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I need to have a swf load at the beginning, but I don't want to play about the last 3 seconds of the video.

Can someone help me out with a code that would basically have my swf play for "x" seconds?

Heres what I Have so far.. Currently it is set up to play the swf, but subtract "x" seconds from it but for some reason it doesn't seem to work

var mySwf:MovieClip;
var reducedTotalFrames:int;

var clipLoader:Loader = new Loader();
clipLoader.contentLoaderInfo.addEventListener(Event.COMPLETE, loadComplete);
clipLoader.load(new URLRequest("schoolintro.swf"));

function loadComplete(e:Event):void
{
     mySwf = LoaderInfo(e.currentTarget).content as MovieClip;

     var totalFrameCount:int = mySwf.currentScene.numFrames;

     var secondsToSubtract:int = 3;

     var threeSecondFrameCount:int = (stage.frameRate * secondsToSubtract);

     reducedTotalFrames = totalFrameCount - threeSecondFrameCount;

     stage.addEventListener(Event.ENTER_FRAME, onRender);

     stage.addChild(mySwf);


}

function onRender(e:Event):void
{
     if(mySwf != null && mySwf.currentFrame >= reducedTotalFrames){
          //This is the end of the SWF with 3 seconds trimmed off. Here we can stop play
          stage.removeEventListener(Event.ENTER_FRAME, onRender);
          mySwf.stop();
          //doSomethingElse();
     }
}
share|improve this question
    
Try some basic debugging, like placing trace statements in the code inside onRender to ensure it's being called, to ensure the mySwf reference is working correctly (for example, tracing out mySwf.currentScene.numFrames, and if its 0, you know you're not referencing your swf properly or the swf is not frame-based(. –  Technik Empire Apr 11 '11 at 1:02
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2 Answers 2

up vote 0 down vote accepted

Try some basic debugging, like placing trace statements in the code inside onRender to ensure it's being called, to ensure the mySwf reference is working correctly (for example, tracing out mySwf.currentScene.numFrames, and if its 0, you know you're not referencing your swf properly or the swf is not frame-based). If it the SWF is not frame-based, then you're going to have real issues controlling or even doing anything about this since all the animation/action going on inside the loaded SWF is code-based.

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I traced it out and its saying that the swf is only two frames long, when I know for a fact it was a couple hundred. –  Kudla69 Apr 12 '11 at 14:12
    
i traced the reducedTotalFrames and its giving me -70 –  Kudla69 Apr 12 '11 at 14:27
    
Yeah so there is the issue. Either your SWF is being run VIA code or there are nested movie clips with timeline based animation buried within one of them somewhere. If you coded that SWF within the flash IDE, your code is going to default to PRIVATE or PROTECTED methods, which is going to make it impossible for you to access and override externally. If it's a nested movieclip, you're going to have to either decompile to find out where the timeline is or systematically traverse the display list within the SWF checking the number of frames as you go along. –  Technik Empire Apr 12 '11 at 22:27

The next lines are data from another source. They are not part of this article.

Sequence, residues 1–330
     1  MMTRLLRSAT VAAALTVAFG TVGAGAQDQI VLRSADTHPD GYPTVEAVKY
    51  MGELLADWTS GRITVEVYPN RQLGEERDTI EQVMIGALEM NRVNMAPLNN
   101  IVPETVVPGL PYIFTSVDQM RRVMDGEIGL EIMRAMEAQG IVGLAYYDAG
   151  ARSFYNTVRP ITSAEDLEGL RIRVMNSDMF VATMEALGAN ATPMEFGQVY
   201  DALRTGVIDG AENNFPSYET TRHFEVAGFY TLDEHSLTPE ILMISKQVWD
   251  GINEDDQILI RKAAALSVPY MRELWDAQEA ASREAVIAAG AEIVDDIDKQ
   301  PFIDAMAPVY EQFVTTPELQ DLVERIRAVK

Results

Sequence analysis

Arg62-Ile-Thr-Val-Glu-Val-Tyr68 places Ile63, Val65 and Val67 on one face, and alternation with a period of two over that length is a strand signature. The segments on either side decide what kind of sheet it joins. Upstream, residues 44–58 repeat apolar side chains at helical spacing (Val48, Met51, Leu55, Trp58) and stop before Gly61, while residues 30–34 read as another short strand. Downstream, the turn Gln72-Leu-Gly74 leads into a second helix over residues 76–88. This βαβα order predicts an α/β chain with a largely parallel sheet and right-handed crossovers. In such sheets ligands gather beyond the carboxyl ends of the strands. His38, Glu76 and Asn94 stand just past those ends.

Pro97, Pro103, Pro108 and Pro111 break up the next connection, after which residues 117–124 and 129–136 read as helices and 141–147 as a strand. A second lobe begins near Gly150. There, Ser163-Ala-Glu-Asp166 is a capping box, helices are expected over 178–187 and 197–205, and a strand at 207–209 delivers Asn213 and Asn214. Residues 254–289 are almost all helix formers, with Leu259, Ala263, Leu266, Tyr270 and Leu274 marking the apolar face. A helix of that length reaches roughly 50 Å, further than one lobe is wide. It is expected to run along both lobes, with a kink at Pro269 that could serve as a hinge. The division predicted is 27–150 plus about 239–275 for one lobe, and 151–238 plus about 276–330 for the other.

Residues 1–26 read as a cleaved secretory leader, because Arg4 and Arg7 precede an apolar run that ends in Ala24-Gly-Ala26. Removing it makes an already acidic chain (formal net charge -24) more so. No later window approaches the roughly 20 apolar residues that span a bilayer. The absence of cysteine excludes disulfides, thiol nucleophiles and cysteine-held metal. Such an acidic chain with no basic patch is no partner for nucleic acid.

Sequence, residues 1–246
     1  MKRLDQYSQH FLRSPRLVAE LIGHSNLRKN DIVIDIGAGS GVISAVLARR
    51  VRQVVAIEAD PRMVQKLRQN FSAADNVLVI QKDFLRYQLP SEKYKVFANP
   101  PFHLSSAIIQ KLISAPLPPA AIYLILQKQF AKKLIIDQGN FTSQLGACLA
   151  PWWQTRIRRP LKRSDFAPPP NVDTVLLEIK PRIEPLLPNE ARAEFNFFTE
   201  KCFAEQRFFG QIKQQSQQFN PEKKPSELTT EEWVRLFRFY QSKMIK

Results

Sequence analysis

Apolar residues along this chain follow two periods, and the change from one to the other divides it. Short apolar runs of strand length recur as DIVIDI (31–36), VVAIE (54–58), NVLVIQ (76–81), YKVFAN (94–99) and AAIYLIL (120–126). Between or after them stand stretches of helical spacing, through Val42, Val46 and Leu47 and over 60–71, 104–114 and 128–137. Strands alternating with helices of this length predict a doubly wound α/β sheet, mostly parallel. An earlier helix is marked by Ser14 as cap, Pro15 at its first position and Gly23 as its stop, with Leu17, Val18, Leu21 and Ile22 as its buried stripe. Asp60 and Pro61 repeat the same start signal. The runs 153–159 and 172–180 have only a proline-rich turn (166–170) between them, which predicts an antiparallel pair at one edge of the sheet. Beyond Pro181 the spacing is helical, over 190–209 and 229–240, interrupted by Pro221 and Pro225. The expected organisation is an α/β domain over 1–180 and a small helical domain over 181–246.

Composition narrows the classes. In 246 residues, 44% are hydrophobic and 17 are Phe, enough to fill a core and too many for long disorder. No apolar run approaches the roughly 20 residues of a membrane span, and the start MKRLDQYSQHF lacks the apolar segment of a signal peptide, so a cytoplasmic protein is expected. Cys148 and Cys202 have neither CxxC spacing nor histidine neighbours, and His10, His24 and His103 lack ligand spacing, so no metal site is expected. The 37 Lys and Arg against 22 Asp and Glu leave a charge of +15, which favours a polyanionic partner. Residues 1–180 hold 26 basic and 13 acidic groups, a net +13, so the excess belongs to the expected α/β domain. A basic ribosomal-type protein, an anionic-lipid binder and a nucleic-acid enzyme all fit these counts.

Either way, the hassle nearly out-weighs the benefit of trying save time by recycling that old SWF. –  Technik Empire Apr 12 '11 at 22:28
    
I'm not sure why it would do that though? I made the swf without any code except a stop() at the end. –  Kudla69 Apr 12 '11 at 23:39
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I think you just need to change this line from

var threeSecondFrameCount:int = (stage.frameRate * secondsToSubtract);

to

var threeSecondFrameCount:int = (stage.frameRate / secondsToSubtract);

not sure is this what you want or not.

share|improve this answer
    
The whole idea is to subtract the number of frames that would occupy a 3 second period of time during playback, which is why the framerate is multiplied by the number of seconds to be reduced, and then that number subtracted from the total number of frames. Should read the whole question. :) –  Technik Empire Apr 11 '11 at 1:00
    
But I'm stuck on why it doesn't work? Setting the seconds to subtract interval does nothing at all :[ –  Kudla69 Apr 11 '11 at 1:12
    
See my answer. It's probably at the very least a SWF with some code in it or the display list is built in such a way that the frames being played do not exist on the main timeline, but rather a child of the main timeline. So for example, there is probably a movieclip on the stage in that swf that has the animation inside of it. So when you reference the loaded SWF number of frames, probably says 1 while on that 1 frame in a movieclip with its own nested timline. That is just one scenario there are many many different ways this could be built that makes controlling it externally a real issue. –  Technik Empire Apr 11 '11 at 1:15
    
thanks Ascension Systems for correctin me and sorry Kudla69 for not read question properly. Ascension Systems have mentioned that if the swf loaded in is not frame-based then the stop() function won't work. –  BetterThanNumber Apr 11 '11 at 1:47
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